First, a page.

Malaysian Trumpet Snail Care
Malaysian Trumpet Snail care is a no-brainer! They are one of the easiest aquatic creatures to own. Thanks to their hardy nature, most have no problem thriving in captivity.
But like any other animal, these snails have optimal conditions that will allow them to thrive. Here are some important care guidelines you should know.
One of the best things about Malaysian trumpet snails is that they don’t need a lot of space. A small group can live in a 5-10 gallon tank just fine!
Author’s note: It is important to be careful with the overpopulation of these snails. Overstocked freshwater aquariums can cause serious problems with ammonia and nitrates.
Malaysian trumpet snails can adapt to a wide range of water conditions. Even in the wild, these snails are not specific to a specific environment. As long as the water is clean, aerated, and warm, they will do just fine!
Follow these parameters for best results.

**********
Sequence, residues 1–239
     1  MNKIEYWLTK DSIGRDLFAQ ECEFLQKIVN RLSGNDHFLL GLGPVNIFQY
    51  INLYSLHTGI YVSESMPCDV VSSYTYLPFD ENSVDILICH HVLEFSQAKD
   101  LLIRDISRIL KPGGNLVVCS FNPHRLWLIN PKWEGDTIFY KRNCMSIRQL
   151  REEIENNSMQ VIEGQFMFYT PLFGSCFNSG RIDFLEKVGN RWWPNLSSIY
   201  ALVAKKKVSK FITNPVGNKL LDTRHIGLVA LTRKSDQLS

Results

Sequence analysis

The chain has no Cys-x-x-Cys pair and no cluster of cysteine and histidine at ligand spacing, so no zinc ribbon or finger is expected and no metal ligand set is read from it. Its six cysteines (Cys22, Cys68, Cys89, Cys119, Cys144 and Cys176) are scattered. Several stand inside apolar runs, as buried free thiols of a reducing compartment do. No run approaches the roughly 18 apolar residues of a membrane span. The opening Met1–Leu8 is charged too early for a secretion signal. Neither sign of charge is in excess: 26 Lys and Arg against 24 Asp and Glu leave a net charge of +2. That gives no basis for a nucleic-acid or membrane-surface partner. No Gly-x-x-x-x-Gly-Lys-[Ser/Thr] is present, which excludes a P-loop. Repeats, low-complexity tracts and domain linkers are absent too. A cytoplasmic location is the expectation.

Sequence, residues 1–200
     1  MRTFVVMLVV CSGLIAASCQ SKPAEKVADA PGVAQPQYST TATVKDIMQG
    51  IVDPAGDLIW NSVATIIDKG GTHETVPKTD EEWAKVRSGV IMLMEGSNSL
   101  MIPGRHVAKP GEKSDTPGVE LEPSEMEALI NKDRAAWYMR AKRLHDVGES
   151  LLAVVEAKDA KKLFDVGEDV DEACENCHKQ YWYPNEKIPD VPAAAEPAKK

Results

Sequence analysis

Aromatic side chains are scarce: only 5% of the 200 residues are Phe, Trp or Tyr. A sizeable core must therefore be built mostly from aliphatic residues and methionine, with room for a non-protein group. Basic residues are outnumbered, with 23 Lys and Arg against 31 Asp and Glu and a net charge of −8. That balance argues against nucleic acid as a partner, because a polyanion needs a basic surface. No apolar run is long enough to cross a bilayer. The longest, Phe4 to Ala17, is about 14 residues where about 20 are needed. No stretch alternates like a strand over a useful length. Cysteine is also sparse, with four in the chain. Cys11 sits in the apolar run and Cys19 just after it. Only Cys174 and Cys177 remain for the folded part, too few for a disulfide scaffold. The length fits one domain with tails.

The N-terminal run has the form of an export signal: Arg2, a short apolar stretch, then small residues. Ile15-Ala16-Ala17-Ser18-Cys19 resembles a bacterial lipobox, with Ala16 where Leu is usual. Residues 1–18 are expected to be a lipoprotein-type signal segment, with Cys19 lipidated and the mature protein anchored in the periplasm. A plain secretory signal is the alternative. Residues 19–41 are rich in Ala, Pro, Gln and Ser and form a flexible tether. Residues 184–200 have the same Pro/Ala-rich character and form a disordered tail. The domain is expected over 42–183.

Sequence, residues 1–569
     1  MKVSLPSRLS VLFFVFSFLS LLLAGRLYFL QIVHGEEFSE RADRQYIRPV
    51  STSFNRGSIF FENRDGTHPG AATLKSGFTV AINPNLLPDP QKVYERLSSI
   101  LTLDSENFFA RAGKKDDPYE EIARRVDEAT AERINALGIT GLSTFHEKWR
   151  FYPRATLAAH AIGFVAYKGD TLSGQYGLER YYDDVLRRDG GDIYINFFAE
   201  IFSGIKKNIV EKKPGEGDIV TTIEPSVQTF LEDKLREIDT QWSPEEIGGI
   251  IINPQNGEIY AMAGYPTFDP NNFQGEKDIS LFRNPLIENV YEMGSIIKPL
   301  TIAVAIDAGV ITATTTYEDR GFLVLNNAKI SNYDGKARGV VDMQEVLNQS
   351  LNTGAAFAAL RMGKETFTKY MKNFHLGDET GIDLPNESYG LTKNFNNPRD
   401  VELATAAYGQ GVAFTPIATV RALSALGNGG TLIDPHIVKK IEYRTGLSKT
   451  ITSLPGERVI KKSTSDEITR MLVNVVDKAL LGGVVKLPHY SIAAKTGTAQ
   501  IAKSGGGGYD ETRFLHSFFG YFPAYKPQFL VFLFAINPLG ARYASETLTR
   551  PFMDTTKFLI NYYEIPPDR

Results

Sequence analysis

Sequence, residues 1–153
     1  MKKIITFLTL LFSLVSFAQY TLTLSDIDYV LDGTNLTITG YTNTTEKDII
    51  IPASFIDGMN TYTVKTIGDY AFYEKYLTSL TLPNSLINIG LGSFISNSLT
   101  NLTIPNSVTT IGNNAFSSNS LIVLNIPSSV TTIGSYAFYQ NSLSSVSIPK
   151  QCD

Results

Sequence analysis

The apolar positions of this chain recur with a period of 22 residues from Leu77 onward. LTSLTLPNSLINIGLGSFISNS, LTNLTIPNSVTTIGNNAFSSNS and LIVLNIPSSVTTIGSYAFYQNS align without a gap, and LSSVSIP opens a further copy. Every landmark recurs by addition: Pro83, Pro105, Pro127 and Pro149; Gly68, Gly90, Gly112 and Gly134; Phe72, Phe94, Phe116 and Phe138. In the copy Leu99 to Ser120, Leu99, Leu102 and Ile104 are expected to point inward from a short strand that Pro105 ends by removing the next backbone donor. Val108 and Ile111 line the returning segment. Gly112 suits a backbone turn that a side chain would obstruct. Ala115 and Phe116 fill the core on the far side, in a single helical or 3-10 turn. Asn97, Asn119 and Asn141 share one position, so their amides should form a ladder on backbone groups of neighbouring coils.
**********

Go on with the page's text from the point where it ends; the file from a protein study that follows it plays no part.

- Water temperature: 65 to 86 degrees Fahrenheit (70 to 78 degrees is best)
- pH levels: 6.5 to 8.0 (aim for neutral water)
- Water hardness: 6 to 15 KH
Author’s Note: Be sure to invest in a high-quality water testing kit to ensure you get accurate readings throughout the week. While these creatures aren’t picky, it’s best if you keep their core water parameters consistent.
What to put in your tank
These snails are more prevalent in bodies of water that are teeming with life. They are attracted to food waste and decaying plants. In captivity, they prefer similar living conditions.
The most important thing you will need is a layer of sand substrate. Malaysian trumpet snails are great burrowers. They use their pointed shells to make their way through the fine sand in search of food.
Gravel, pebbles, or any other hard substrate will not facilitate digging behavior. Instead, those materials will damage the shell and cause injury.